de-spookingSeveral elements need to come together in order to be successful at this. For this reason, this will be split into two parts. Part one will focus on preparing to despook. So lets get started!

It is very important to remember, despooking can be quite dangerous for both you and your horse. Great care has to be taken to ensure you and your horse are properly prepared for this task.

When I take a horse in for handling or breaking, despooking usually falls on or around day 6 (or day 1, week 2). They will generally have 5 days of prep work before I get into the scary stuff.

Safety is always paramount for me when working with any horse. The first 5 days are spent creating a safe working relationship between me and the horse. What naturally occurs through this process is respect, trust, obedience, friendship and calmness.

Until these 5 elements are cultivated, the horse will not be prepared to have his boundaries of “fear” expanded. Now obviously every horse is different. Some horses are naturally fearless, but I will assume, if you are reading this, your horse is not one of these!

So, unless you have achieved respect, trust, obedience, friendship and calmness with your horse, you are not ready to attempt a despooking session.

Since this is part one, I will attempt, in an interesting and not over winded manner, to help you achieve those 5 elements. So lets start from the beginning. I think the best way to explain this, is to go through an average week of work on an average horse that lands in my yard for training.

The average horse is 2-4 yrs old with little to no training or handling. Some have had more, such as head collaring and leading, some have had less, such as completely untouched. The average owner wants the horse broken to ride (horrible word, I know), or made show or sale ready (Cavan sales particularly). The first week is the same regardless of the end goal.

We will assume the horse in this example has been head collared and can be led.

Day one. Lets make friends, and move our feet.
Day one starts and we head to the arena. I am aware of how the horse behaves with me. Is he pushy, walking on top of me, reluctant to lead, pulling back, nervous, not paying attention, swinging the head around looking for the other horses, etc.

The first thing I do is create my personal space for safety. Backwards and forwards, until the horse gets the idea to move back off me. In parelli this is the yo-yo game. Its important, and there is no need for me to recreate the wheel, so I will call it what it is. If you are unfamiliar with the yo-yo game, google it, I’m sure there are a million videos.

Once I have established that I can move the horse off me, I move on.
I always use a stick on day one. I start by seeing if the horse doesn’t want to be touched anywhere, using the stick. Ears, front and hind legs, under the belly, the tail. Anywhere that gets a “no” I work with.

Approach and retreat, keeping my stick on the horse, rubbing gently, until he stands for it. Remove the stick as a reward for standing. Repeat as necessary.

If this all goes well, I give the horse a good grooming, establishing a bit of friendship after being a bit dominant with the forwards and backwards.

Day two, more moving of the feet.
I become less tolerant of poor behaviour while leading. 
More forward backward, now being aware of straightness. I also now start expecting more attention.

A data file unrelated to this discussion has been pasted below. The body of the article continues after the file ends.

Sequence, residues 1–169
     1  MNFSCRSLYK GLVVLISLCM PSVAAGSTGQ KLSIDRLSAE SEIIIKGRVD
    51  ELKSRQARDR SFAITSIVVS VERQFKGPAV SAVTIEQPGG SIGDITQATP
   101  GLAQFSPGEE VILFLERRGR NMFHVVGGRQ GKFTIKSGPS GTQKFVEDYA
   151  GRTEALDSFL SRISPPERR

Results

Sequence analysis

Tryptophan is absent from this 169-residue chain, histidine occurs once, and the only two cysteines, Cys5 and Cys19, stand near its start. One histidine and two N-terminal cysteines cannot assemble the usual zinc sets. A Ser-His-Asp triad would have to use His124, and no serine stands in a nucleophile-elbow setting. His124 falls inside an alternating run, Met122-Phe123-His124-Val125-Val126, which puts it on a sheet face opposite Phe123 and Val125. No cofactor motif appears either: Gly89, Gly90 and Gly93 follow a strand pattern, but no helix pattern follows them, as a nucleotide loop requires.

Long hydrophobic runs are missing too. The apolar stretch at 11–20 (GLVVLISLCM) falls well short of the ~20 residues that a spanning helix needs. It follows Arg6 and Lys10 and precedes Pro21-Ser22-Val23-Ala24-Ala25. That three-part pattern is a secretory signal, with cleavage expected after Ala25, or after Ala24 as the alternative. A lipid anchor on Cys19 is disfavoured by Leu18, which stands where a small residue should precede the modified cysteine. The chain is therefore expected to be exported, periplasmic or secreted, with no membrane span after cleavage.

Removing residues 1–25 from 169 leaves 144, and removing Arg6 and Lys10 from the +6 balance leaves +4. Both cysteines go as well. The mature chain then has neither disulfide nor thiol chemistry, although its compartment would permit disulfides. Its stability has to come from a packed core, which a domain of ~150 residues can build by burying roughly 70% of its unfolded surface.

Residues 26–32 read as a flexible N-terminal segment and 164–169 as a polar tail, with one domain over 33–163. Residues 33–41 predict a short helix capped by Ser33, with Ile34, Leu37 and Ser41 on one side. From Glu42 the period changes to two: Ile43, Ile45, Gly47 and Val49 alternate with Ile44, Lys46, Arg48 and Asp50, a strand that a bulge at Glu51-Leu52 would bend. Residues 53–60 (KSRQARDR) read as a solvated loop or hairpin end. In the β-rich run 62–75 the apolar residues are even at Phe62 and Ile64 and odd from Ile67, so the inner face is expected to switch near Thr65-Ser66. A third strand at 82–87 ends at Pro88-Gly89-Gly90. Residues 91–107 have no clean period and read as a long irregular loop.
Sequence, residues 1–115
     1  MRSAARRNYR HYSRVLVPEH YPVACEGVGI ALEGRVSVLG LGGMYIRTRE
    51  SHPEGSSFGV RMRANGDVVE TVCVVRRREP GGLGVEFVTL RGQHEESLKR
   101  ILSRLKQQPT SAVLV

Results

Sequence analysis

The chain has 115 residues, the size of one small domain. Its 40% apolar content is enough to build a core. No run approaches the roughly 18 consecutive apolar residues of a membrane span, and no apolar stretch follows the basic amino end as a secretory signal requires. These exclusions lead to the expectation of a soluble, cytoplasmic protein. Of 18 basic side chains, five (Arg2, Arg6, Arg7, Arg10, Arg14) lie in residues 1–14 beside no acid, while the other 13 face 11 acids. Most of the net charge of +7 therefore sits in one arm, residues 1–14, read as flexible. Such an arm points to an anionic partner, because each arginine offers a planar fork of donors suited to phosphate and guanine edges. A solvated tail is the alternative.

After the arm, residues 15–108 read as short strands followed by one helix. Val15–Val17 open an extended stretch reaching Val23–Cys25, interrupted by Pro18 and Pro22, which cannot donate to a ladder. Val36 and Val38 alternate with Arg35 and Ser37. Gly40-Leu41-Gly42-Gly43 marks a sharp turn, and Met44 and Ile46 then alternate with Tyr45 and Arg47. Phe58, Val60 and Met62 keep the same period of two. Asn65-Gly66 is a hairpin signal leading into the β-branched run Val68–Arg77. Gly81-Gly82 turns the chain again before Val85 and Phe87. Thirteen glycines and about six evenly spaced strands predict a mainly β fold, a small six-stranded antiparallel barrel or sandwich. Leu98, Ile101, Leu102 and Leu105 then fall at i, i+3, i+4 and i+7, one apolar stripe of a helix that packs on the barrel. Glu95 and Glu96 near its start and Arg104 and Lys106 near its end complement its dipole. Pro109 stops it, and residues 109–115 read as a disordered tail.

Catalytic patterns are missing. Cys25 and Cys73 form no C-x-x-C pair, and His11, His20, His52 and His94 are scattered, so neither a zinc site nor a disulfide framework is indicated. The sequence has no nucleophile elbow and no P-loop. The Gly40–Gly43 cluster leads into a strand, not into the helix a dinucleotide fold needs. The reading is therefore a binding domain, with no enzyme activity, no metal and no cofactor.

More working on any spots the horse didn’t want touched.

I introduce the idea of moving away from pressure, so I can achieve circling. Pressure on the face to get the horse turned, pressure at the girth to get the horse to move forward. This will be important later when the horse will be ridden. I always click when I ask for forward movement. Makes backing a lot easier.

I will hope for some rudimental circles.

Day 3, no work, soak time.

Day 4, more of the same.
Forwards, backwards, better circles, better turns on the haunches. More attention on me. I now introduce the idea of moving the hind end away from pressure. So now I can start drawing the front end (while pushing the hind) around instead of pulling it. Pushing and pulling creates respect, but draw creates willingness.

Day 5, leading in hand
Now the horse understands to move the face away from pressure, and pressure on the girth means move forward, the circle becomes straight lines. Initially I will have to face the horse, this is the position he understands, and ask for forward, but then go with him. He won’t like it, but patient persistence is key.

When I can get this, I then turn to the leading position and flick my rope behind me like a tail. It will not be anywhere perfect, but the important thing is that he gets the idea.

Day 6, more of everything.
Trying to make it all “prettier”, moving up and down through the gaits. Lots of turns on my circles, looking for lightness. Try to do less to get more. By this point, after a session, the horse will willingly follow me around with no ropes. We have draw, respect, willingness, trust and friendship. The horse ends his sessions calm and relaxed. 
He now gets another day off to soak in his lessons.

A lot more would happen in these 5 days, such as some loose jumping, introducing a roller, perhaps a bit and bridle, but none of that pertains to despooking so I have left it out.

We are now ready to start to think about despooking. If the horse on day 6 does not sound like your horse, you are not ready to despook. Always remember, I am more then happy to answer questions or elaborate further. Natural horsemanship is not magic, it is a skill anyone can learn with practice and patience. It is an attitude, and there are many traditional trainers that would easily fit the natural horsemanship ethos, so don’t ever discount a good trainer that produces calm and happy horses!!

Next time we get into the “nitty gritty” of despooking, so stay tuned!!